Wilfred Bion

related topics
{theory, work, human}
{disease, patient, cell}
{son, year, death}
{service, military, aircraft}
{group, member, jewish}
{war, force, army}
{work, book, publish}
{acid, form, water}
{car, race, vehicle}
{ship, engine, design}
{village, small, smallsup}

Wilfred Ruprecht Bion DSO (8 September 1897 – 8 November 1979) was an influential British psychoanalyst, who became president of the British Psychoanalytical Society from 1962 to 1965.

Bion has been twinned with Lacan as 'inspired bizarre analysts...who demand not that their patients get better but that they pursue Truth'[1]. 'Bion's ideas are highly unique', so that he 'remained larger than life to almost all who encountered him'[2]. He has been considered as possibly 'the greatest psychoanalytic thinker...after Freud'[3].

Contents

Military Service

Bion was born in Mathura, North-Western Provinces, India, and educated at Bishop's Stortford College in England.[4] After the outbreak of the First World War, he served in the Tank Corps as a tank commander in France, and was awarded both the Distinguished Service Order (DSO) (on 18 February 1918, for his actions at the Battle of Cambrai),[4][5] and the Croix de Chevalier of the Légion d'honneur.[6] He first entered the war zone on 26 June 1917,[7] and was promoted to temporary lieutenant on 10 June 1918,[8] and to acting captain on 22 March 1918, when he took command of a tank section,[9] he retained the rank when he became second-in-command of a tank company on 19 October 1918,[10] and relinquished it on 7 January 1919.[11] He was demobilised on 1 September 1921, and was granted the rank of captain.[12] The full citation for his DSO read:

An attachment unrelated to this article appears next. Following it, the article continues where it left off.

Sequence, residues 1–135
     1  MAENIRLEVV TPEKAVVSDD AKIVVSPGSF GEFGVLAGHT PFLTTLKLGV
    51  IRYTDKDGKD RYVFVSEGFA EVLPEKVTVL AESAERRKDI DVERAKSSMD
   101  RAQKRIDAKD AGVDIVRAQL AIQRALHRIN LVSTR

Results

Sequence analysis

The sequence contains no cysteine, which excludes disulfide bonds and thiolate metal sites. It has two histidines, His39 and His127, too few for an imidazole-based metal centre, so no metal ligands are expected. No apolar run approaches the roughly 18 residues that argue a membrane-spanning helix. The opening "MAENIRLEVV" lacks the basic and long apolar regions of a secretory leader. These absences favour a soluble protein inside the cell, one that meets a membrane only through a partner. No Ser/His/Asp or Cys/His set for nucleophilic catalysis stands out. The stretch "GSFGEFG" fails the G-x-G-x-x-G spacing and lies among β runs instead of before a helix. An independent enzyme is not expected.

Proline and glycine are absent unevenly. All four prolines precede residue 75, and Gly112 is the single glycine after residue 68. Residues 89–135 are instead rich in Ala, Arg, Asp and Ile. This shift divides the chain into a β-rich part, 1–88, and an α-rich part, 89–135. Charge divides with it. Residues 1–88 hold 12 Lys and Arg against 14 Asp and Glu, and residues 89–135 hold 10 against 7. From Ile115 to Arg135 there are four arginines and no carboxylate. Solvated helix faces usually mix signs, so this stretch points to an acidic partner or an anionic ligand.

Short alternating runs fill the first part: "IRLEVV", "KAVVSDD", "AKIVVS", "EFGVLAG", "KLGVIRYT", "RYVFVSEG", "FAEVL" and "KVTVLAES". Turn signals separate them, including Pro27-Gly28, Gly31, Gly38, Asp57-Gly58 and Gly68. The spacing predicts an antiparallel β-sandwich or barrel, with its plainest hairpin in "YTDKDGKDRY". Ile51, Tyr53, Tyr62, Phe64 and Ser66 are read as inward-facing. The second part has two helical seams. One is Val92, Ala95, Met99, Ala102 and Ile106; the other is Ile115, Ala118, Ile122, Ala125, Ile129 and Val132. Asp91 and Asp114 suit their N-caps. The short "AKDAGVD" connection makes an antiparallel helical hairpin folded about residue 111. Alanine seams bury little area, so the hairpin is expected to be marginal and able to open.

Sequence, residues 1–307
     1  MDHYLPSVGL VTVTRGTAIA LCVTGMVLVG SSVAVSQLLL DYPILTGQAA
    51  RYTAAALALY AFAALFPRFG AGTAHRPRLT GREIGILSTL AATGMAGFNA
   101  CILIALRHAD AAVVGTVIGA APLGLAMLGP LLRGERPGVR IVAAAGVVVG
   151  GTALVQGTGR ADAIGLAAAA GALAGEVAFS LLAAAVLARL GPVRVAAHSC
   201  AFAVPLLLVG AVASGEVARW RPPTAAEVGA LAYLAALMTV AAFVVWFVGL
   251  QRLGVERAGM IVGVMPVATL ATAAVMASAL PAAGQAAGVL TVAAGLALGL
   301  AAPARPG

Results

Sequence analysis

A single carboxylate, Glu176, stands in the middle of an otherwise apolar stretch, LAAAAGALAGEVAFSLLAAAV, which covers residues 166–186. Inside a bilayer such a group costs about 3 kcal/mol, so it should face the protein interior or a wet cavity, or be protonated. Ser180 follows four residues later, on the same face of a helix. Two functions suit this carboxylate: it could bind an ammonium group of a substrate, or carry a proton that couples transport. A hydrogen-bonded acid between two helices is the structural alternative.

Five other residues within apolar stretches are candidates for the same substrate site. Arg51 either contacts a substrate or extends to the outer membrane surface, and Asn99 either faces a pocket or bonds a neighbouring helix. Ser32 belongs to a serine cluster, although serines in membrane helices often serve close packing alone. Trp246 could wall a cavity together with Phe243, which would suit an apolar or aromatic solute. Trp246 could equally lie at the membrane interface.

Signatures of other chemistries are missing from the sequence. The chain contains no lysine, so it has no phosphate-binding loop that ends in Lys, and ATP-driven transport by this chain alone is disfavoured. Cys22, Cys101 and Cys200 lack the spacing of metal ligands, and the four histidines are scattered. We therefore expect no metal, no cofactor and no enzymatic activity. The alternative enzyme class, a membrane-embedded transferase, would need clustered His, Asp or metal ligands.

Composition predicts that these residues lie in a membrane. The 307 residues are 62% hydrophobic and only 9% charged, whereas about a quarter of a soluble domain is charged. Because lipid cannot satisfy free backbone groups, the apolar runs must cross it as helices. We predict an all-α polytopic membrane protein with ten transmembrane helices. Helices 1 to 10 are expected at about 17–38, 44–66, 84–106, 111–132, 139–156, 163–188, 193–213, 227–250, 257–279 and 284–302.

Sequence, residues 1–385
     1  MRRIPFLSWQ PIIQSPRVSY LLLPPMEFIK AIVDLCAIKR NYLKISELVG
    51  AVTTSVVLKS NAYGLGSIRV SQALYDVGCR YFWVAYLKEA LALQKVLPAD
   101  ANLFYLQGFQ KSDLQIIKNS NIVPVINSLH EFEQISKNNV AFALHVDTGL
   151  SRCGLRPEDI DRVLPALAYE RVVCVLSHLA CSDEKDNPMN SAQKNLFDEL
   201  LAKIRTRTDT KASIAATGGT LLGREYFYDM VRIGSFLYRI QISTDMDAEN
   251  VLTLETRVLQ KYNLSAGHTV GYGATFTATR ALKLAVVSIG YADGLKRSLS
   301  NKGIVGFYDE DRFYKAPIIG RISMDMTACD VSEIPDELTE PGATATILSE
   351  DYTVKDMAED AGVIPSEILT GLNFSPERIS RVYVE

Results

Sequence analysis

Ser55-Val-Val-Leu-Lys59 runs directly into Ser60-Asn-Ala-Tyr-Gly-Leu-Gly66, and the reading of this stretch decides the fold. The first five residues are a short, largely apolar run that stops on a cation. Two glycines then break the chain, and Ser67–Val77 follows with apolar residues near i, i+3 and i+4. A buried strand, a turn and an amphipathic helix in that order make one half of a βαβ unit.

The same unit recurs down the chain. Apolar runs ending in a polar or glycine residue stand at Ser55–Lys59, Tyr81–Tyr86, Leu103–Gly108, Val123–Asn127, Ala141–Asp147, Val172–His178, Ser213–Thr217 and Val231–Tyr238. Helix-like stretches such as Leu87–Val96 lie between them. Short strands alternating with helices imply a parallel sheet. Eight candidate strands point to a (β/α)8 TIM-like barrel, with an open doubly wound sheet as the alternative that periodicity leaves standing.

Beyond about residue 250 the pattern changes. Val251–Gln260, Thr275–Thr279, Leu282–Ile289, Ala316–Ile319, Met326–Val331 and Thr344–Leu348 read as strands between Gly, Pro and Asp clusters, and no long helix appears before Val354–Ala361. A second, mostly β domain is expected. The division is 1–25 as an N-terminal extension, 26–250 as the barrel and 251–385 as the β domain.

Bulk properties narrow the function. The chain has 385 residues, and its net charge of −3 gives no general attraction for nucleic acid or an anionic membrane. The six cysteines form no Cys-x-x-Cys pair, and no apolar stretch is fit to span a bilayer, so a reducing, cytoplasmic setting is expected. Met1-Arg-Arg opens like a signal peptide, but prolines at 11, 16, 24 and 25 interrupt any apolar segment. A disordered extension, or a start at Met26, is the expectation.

Full article ▸

related documents
Cognitive psychology
Michael Polanyi
Auguste Comte
Perception
Human Potential Movement
Transcendental argument for the existence of God
Gorgias
Otto Neurath
Meta-ethics
Telepathy
Talcott Parsons
Allan Bloom
Johann Gottlieb Fichte
Philosophical method
Situationist International
John Zerzan
Rupert Sheldrake
Pessimism
Ontology
Non-cognitivism
Democritus
Correlation does not imply causation
Proposition
Humour
Bundle theory
Society
Thomas Samuel Kuhn
Scientist
Ruth Benedict
Communitarianism